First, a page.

A Compendium of Chronicles
Rashid al-Din’s illustrated history of the world

VOLUME XXVII

Published 1995

Sheila S. Blair

The Collection owns a section of what is, without doubt, one of the most important illustrated medieval manuscripts from either East or West.

The Jami‘ al-tawarikh or ‘Compendium of Chronicles’ was written by the 14th-century court historian Rashid al‑Din, under the patronage of the Ilkhanids.

The 59 folios in the Collection – reproduced here in colour for the first time after their recent restoration – together with those in the Edinburgh University Library, form a fragment of the earliest surviving Arabic copy of the work.

An appendix in this volume reintegrates these folios and reconstructs their original order. The author discusses the identity and techniques of the calligraphers and painters involved, analyses the sources for the illustrations, and reveals the importance of this manuscript in the history of the Persian book.

The author also traces the manuscript’s journey from Rashid al-Din’s scriptorium in Tabriz, through Timurid Herat, through the 19th-century Mughal court and the East India Company, to its acquisition by the Royal Asiatic Society.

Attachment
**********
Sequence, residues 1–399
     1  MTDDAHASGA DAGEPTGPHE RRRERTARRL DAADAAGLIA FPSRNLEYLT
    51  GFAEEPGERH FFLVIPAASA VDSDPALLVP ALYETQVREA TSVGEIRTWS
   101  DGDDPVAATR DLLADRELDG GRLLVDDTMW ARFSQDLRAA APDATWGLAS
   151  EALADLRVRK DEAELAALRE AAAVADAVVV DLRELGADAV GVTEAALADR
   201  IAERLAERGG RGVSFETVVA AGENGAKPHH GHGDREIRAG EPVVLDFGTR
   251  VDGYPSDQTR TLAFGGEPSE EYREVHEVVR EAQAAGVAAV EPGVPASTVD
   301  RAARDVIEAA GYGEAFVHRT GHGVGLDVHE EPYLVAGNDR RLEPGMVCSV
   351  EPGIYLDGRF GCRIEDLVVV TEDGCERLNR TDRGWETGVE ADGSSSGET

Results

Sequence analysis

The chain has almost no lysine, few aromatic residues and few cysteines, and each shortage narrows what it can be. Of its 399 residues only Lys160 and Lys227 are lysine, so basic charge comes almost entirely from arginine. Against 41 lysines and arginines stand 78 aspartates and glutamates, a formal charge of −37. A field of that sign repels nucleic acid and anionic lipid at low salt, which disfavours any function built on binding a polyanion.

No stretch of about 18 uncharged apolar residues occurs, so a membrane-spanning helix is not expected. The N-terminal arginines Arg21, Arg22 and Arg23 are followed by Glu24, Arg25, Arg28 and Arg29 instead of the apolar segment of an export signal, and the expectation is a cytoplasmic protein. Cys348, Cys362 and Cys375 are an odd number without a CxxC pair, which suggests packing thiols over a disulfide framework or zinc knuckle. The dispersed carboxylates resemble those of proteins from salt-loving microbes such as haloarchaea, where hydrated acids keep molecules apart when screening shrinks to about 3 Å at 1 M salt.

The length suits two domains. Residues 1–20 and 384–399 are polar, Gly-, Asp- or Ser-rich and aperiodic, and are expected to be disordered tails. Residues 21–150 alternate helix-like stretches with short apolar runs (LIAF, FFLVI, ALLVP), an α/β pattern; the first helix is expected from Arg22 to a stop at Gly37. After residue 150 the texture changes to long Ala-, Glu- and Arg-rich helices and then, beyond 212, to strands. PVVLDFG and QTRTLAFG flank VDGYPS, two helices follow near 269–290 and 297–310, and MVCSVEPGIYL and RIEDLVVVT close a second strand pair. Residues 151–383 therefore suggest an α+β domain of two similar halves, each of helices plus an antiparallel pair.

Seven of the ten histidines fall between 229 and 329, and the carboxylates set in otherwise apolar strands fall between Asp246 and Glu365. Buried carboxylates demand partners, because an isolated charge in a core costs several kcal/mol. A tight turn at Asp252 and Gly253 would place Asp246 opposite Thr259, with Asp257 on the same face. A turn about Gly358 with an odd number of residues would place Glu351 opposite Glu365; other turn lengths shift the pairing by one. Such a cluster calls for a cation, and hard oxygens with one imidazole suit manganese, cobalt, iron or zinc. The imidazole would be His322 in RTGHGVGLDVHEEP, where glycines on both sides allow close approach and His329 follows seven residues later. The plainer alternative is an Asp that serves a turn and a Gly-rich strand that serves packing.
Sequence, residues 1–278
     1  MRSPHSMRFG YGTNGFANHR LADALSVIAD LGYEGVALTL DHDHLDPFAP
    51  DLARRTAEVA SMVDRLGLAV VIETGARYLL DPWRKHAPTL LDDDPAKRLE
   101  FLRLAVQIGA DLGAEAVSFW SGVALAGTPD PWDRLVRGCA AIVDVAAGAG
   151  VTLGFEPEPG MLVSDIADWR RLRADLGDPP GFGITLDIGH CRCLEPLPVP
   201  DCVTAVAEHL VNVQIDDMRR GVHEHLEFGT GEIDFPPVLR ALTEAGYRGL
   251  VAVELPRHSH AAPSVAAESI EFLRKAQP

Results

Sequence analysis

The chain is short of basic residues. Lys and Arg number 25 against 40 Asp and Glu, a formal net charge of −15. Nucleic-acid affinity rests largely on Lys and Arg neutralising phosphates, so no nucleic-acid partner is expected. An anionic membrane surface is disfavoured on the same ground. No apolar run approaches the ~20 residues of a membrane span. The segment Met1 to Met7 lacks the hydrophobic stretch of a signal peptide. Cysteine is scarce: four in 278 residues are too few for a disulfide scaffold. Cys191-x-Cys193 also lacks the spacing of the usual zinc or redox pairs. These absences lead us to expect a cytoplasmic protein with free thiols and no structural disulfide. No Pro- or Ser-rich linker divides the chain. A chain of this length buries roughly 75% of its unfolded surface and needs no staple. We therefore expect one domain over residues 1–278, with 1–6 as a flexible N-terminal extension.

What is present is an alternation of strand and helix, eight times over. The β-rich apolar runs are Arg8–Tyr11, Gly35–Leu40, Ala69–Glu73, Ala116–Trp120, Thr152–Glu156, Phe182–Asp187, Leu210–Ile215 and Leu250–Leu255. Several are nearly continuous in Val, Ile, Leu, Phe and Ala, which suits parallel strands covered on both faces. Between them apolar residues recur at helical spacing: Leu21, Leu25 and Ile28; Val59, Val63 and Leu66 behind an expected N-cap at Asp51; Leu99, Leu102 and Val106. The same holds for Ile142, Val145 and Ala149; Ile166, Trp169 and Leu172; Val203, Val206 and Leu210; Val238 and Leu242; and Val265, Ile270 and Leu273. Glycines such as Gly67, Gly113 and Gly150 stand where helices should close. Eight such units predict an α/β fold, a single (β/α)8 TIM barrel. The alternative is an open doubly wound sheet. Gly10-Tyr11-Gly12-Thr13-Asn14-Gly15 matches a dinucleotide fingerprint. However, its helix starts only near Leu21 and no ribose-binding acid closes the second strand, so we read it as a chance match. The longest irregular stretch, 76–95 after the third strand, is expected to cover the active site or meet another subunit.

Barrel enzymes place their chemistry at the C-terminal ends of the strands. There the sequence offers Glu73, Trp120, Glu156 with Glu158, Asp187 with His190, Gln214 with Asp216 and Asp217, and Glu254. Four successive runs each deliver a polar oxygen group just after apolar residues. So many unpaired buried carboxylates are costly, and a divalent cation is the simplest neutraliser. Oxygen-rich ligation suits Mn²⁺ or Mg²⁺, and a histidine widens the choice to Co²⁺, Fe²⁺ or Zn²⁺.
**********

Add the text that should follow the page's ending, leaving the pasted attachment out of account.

The volume also includes a translation by W.M. Thackston of the articles of endowment of the Rabi’ Rashidi.

About the author(s)

Professor Sheila S. Blair – Norma Jean Calderwood University Professor of Islamic and Asian Art, Boston College, Boston, Massachusetts; specialist in Persian arts

Details

126 pages numerous colour and halftone illustrations, plus full colour facsimile of the Khalili manuscript hardback with dust jacket (slipcased) 36 Å~ 26 cm, Isbn: 1-874780-65-x, $180

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